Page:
Dear Female Border Patrol Agents

Content warning: This article discusses rape culture and sexual assault.


I was once just like you. When I joined the Border Patrol in June of 1995, I was looking to serve my country and experience what it was to be a federal law enforcement officer. I went through the same academy as you did, took the same tests as you did, served on the same border as you do today. I hiked and patrolled the same dangerous terrain as you. I may be older than you, but I once knew what it was to be a woman in that green uniform just as you do now. I did it with honor much as you are trying to do today. After all, that’s the Border Patrol motto right? Honor First.


Some of you are just like me and discovered quickly in the academies that Honor First is not what the agency pretends it means. Others have had just glimpses of this hypocrisy, and have not yet experienced the full lie of the motto. Maybe you think it won’t happen to you. Maybe you think you are smarter than all the rest. Maybe you think that you are tougher than the others.

You are not.


The agency you joined has a robust and systemic rape culture. You may not even be able to see it yet. It took me decades to fully understand it. This was partly because the things that happened to me and to my fellow female agents were so crazy that we often did not even tell each other. We feared we would not be believed. We doubted ourselves. We thought that surely the entire agency could not be like this. If we could just get out to our duty stations or off of this damn detail, then it would all go away, then we would never have to see him again.

But that’s not how the Border Patrol works.


As you likely know by now, there is no such thing as female camaraderie in the Border Patrol. There are so few of us it is difficult to create that. It is also impossible when you are not sure if you can trust one another. Some of us act like the male agents and join in on the harassment just thankful it is not us being targeted in that moment. Some of us feel that since we had to go through it, that we somehow owe nothing to the women coming behind us. Some of us don’t want to talk about it because it makes us feel like less of an agent to admit that we could not protect ourselves. Some of us think it’s all just part of Border Patrol hazing that women have to go through.


When I was raped in the academy by a fellow classmate, I did not want to report it. I felt ashamed. How could I be an agent if I couldn’t even protect myself? If I couldn’t fight off a man twice my size? I just wanted it to go away, but it didn’t. The next class day, everyone knew what had happened. It was also evident from the busted lip and black eye I had.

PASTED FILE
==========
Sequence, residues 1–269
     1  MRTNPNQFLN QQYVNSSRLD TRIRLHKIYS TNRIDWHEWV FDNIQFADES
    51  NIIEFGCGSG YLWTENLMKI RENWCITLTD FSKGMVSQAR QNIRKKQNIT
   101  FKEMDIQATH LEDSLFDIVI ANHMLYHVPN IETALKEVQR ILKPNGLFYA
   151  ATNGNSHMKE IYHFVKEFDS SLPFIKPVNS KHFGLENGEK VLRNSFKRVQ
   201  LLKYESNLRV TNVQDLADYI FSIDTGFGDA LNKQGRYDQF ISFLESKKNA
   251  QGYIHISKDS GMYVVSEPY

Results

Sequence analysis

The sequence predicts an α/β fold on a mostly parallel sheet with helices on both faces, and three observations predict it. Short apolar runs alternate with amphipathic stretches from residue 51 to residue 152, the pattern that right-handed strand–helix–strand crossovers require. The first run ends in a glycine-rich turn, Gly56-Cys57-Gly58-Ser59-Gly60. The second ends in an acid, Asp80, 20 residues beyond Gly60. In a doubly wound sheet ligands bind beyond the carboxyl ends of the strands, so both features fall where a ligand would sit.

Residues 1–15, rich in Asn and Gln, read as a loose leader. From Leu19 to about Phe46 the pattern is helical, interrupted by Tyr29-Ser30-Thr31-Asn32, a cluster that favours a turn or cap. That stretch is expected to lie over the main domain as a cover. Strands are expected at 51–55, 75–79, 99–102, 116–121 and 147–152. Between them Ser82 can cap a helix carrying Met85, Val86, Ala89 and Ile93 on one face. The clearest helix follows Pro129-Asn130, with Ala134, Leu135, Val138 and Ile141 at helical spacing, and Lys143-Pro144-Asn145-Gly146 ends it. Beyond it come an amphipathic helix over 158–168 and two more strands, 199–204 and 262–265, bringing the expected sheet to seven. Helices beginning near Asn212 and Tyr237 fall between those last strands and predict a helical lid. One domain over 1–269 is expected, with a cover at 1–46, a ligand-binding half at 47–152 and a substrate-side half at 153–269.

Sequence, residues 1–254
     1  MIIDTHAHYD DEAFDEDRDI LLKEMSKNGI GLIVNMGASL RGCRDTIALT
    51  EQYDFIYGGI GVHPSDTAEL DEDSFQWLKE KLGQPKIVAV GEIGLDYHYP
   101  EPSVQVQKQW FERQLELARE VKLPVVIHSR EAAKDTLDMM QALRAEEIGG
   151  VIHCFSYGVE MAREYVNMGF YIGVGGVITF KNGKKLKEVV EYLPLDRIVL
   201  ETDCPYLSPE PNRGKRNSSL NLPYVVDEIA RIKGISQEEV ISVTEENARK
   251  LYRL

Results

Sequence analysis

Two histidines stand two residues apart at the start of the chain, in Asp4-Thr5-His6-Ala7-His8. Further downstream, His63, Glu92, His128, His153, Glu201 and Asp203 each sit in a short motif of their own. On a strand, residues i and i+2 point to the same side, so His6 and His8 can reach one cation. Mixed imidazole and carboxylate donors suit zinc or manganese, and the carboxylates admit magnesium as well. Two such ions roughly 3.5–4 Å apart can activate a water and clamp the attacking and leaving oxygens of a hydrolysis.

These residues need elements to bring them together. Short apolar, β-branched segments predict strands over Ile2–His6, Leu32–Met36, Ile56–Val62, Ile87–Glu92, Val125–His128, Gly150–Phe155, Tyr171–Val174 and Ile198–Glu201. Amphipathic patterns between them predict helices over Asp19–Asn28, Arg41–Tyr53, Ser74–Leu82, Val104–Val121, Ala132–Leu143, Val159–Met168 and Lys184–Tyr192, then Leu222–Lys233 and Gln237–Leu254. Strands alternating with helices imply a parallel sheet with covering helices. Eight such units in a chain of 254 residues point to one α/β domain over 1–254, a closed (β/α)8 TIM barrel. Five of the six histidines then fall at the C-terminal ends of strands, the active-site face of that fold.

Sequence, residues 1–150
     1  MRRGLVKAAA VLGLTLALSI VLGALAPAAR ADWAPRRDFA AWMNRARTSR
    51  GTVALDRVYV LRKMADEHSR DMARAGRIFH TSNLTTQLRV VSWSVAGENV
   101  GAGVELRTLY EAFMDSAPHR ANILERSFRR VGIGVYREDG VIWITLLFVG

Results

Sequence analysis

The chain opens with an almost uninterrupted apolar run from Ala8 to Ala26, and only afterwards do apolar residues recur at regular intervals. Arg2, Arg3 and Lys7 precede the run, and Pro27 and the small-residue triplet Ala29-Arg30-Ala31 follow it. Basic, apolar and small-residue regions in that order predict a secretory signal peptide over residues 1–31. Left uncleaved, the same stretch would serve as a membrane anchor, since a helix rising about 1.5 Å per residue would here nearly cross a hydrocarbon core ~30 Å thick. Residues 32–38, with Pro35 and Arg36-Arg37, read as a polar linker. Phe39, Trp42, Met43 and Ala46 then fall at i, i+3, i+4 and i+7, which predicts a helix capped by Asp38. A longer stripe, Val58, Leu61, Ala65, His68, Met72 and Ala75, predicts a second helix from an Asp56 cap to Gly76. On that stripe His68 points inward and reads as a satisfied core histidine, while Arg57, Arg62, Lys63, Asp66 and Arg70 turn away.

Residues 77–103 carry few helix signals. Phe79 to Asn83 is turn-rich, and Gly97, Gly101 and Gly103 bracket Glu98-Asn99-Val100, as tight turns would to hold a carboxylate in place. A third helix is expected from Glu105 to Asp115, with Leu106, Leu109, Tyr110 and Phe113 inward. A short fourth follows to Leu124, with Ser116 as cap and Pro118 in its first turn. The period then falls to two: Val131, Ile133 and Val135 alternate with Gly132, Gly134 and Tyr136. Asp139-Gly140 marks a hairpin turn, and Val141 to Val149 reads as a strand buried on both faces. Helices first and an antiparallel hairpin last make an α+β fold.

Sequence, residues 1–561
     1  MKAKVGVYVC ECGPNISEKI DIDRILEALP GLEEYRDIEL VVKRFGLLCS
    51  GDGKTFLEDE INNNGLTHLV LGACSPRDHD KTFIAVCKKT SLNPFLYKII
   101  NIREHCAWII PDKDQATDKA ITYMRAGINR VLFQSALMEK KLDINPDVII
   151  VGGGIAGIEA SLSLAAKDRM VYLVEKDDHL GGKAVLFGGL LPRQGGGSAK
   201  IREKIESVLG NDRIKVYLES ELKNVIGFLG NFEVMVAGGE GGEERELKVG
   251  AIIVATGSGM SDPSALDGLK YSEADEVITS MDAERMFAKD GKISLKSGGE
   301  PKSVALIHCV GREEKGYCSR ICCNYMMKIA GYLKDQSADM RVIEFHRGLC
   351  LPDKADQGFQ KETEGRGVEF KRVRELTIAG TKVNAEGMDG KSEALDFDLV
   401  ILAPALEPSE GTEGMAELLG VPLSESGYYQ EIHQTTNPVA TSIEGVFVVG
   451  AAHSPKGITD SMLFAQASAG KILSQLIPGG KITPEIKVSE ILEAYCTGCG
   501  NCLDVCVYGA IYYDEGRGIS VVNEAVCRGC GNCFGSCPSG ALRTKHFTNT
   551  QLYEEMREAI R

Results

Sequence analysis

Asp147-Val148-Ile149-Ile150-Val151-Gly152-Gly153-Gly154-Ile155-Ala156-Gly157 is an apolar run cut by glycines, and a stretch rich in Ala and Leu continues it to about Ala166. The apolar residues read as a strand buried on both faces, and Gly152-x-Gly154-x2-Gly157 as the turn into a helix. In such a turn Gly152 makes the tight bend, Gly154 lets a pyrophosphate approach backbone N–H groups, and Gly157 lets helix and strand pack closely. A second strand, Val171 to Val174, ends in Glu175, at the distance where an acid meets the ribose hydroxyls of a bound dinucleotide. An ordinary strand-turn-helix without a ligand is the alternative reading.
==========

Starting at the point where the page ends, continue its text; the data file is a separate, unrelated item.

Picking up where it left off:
None of my instructors said a word. My physical training instructors forced me to fight my rapist in defensive tactics the next day. They all knew and did this on purpose to teach me the Border Patrol lesson: that female agents either “play ball” or they will be forced to do so. This second assault was done at the hands of my instructors with all of my male classmates watching. Once in the locker room, my rapist threw his arms into the air and yelled, “That will teach that bitch to never say no to me!” He was rewarded with high fives. One male classmate came and told me what he said. Only one.


This forced me to report it. I went to my male physical training instructors and told them what happened. They discouraged me from filing criminal charges just as they had all the other women, saying that it would bring unwanted attention to the agency. They suggested I file an EEOC (Equal Employment Opportunity Complaint). I refused because I had seen this happen with other women. When they filed complaints, the agency offered to recycle them through another class and the women never returned. I did not want to stop my training. I could not. I needed that job just as you do. Besides, I had not done anything wrong.


Ultimately, I told them that I would of course fight anyone they told me to, but I would not fight my assaulter again. They agreed. Only then they started the rumors that I had filed a “fake allegation” because I was having trouble in physical training. That was the number one excuse they gave; “women file false allegations because they cannot hang with the training.” I’m sure you all are familiar with this lie. Not only did I not file, my allegation was not false and I did pass my physical training with better times than some of the men and I did it while standing next to the man who had beaten me and sexually assaulted me. Yet, this allegation that I somehow did not pass my physical tests stuck with me throughout my career.


I was ostracized at the academy by everyone but my one female classmate who made it through with me. Back in those days, they did not let any more than two of us graduate at a time. Karen (now deceased) had seen what happened to me. So, when my law instructor asked her out, she went out with him. In the beginning, I judged her just as the men did, as one of the women who slept her way through the academy. The guys called these female agents “fuckbags” back then. The truth was that Karen was just surviving.


Karen could have passed any of the tests the Border Patrol threw at us. She was an ass kicker to say the least. As she explained it, she had an abusive husband and three young boys. The Border Patrol was her last chance to make something of herself so that she could leave her marriage and provide for her sons. She did not want to go my route, and when my instructor asked her out, she saw that as a way to ensure her job and keep herself safe. Yes, she could have passed all those tests without screwing an instructor, but she knew (we all knew) she would have failed on her verbal Spanish exams had she not agreed to.


She chose to survive, to pay the toll, to “play ball.” She knew that our only choice as women in the Patrol was to give it willingly or have it taken violently. When she started dating my instructor, that marked her or branded her. It told the other male agents to leave her alone, that she was spoken for. That was how she and many other of us survived. It is still how many of you survive today.


When I got to my duty station in Campo California, agents at the academy had already called ahead and warned them that I was trouble. They again lied and said I filed a false allegation and that they should get rid of me on my Spanish exams. Back then we had to go through six months of post-academy training. I was the only woman at my station as the other two, who were married to agents, were on detail to sector. My first journeyman wrote on my evaluation: “Her facial expressions gives me the impression she does not like me. Not recommended for retention.”


A supervisor called me in to his office and asked me about it, and then he asked what had happened in the academy. I had to tell my story again. He admitted to me that agents had called the station to tell him the rumors. At the same time, a Black male classmate of mine was also having a hard time with his journeyman calling him the N-word. This supervisor offered to have us trained by two older agents who both promised to give us a fair shot at passing our exams. We had no choice.